Jack Truher's commentary

Principles of a Strong Marriage

Some Stanford folks I know just got an an mail to the Staffers Group forum on

Mind-Body Lectures from the Stanford Hospital

offering a lecture from one of the medical groups on
"Principles of a Strong Marriage (and how to make them work for you )- Penny Donnelly RN MFT will speak about the research that John Gottman has done.

Learn about the principles that foster a happy and sustainable marriage and the mistakes to avoid. 7/20/10"

John Gottman is a well known Professor of Psychology, with here, a most striking observation in a review of his book:

There are general principles in his formulation. Not just about marriage; It's about getting along.

Gottman provides the reader with a self-test to diagnose his or her own marriage style. He emphasizes, there isn't' just one form of stable marriage. Some forms are more conflicted than others.
"Interestingly, while it is important for a marriage to settle into one of the three stable marriage styles it is not the most crucial element to the successful marital relationship. According to Gottman's research, the key to a blissful marriage is not found in the marriage style itself, but in a simple mathematical formula. "No matter what style of marriage you have, you must have at least five times as many positive as negative moments together if your marriage is to be stable" (p. 29). What really separates contented couples from those in marital misery is a healthy balance of five positive interactions to one negative interaction toward each other. As long as there is five times as much positive feeling and interaction between a husband and a wife as there is negative, the marriage is likely to be stable. Based upon this ratio, Gottman reports that he is able to predict with better than 90% accuracy whether or not couples are likely to divorce. How is it that couples with a volatile relationship are able to remain stable over time? Gottman suggests that while these couples may yell and scream a lot, they spend at least five times as much of their marriage being loving and making up. These three successful marital styles are equally successful because they allow very different kinds of couples to maintain this crucial ratio of positives and negatives. Moreover, the author provides nine specific ways in which a couple can increase the number of positive interactions in their marriage."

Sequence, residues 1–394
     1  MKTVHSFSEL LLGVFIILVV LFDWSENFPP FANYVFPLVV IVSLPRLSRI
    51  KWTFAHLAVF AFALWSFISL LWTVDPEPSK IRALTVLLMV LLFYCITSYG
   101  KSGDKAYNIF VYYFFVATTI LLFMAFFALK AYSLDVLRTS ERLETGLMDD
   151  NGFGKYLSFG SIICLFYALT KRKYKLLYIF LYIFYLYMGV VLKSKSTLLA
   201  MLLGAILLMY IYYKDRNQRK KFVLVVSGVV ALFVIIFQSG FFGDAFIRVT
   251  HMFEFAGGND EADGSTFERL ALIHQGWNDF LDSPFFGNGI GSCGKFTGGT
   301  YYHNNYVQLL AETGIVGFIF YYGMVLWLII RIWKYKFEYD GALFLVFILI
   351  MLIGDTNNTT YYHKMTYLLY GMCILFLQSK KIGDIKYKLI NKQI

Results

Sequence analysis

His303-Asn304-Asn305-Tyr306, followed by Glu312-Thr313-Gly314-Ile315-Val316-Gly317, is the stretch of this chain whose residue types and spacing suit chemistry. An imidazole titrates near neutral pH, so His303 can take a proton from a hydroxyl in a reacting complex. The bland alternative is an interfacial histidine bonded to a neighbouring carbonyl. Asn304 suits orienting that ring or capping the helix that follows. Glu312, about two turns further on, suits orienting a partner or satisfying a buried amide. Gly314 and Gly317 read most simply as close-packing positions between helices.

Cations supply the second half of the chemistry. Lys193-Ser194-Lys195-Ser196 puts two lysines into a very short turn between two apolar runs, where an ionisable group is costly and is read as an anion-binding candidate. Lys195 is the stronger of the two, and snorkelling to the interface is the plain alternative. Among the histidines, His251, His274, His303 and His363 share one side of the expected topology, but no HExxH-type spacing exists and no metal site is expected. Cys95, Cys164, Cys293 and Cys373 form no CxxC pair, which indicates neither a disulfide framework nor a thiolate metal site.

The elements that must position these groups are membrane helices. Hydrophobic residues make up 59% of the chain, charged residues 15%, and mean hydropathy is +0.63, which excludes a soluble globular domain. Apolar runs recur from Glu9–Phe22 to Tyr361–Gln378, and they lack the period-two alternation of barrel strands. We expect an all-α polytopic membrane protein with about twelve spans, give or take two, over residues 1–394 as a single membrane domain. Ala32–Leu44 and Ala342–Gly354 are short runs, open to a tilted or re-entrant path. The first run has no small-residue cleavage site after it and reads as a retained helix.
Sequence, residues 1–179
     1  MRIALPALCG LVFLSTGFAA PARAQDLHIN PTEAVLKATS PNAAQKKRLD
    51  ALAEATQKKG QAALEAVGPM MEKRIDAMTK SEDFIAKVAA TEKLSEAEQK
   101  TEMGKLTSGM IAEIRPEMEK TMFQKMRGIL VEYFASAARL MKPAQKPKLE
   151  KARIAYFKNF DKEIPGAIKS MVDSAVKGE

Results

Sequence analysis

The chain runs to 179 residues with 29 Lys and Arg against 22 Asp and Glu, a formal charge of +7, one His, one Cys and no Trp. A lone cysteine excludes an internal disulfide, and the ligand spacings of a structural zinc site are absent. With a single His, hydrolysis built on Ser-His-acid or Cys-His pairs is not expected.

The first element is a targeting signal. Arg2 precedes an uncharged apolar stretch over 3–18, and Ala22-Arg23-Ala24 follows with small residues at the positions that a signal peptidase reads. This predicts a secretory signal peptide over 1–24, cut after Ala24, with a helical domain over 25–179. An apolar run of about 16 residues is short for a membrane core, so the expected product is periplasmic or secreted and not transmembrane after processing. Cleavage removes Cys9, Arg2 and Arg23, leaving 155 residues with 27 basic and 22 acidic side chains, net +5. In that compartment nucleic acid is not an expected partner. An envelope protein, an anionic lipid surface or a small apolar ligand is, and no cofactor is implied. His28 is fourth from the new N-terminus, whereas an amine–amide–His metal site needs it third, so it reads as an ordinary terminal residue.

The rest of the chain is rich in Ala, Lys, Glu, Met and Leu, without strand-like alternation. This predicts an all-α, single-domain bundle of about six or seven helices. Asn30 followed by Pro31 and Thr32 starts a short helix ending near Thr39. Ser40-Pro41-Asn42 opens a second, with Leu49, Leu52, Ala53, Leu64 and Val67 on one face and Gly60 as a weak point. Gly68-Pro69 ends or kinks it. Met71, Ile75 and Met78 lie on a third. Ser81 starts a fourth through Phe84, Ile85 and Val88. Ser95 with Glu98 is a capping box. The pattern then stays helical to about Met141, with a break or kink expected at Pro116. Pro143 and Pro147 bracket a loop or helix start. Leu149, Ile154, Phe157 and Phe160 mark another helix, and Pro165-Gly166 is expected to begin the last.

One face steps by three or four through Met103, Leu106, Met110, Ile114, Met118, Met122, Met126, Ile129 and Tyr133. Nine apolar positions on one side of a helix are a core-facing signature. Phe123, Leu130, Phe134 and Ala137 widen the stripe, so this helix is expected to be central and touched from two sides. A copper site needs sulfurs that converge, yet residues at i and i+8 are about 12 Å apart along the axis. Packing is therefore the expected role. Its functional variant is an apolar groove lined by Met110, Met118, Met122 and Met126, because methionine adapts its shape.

Good strategy, we would most agree, but not everybody is so fortunate.

"Marry well, or get lucky as to whom you marry" works too.

Isn't it also true that the 5/1 ratio is TRUE FOR EVERY STABLE RELATIONSHIP? As in the workplace? But only possible if all parties are trying. Like marriage.

Well yes, 5/1 is the best bet, but again, it's not always available. Usually we have to work through complex problems in the real world, until we arrive at the 5/1 Nirvana settlement with any partner. If you start out with "5/1 or you're out", you're not being realistic.

I think Gottman's 5/1 rule has very general applicability to stability consequences, including workplace relationships.It's an application of Behavioral Psychology. The "Power of Positive Thinking", but with more realistic tolerance for all the wonderful variety that surprises all of us.

Would a 5/1 ratio be a good at work. Not necessarily. It depends on the maturity of an organization. Working means conflicted ideas clash about how to get things done. Too much agreement too soon could mean avoiding the hard issues by defining away failure. Stability is not the primary objective at work. Efficiency is. Safety is. Integrity. Research progress. Project advancement. Lots of things are more important than stability at work. But a well functioning organization, after the smoke has cleared, might look that way too.

I put the entire book review on John Gottman's book on my web site.

But what if you can't or won't work things out?

I've got a book review for that too. This one from the Washington Post in 2007.

There are smart ways to break off relationships, and dumb ways. No easy ways.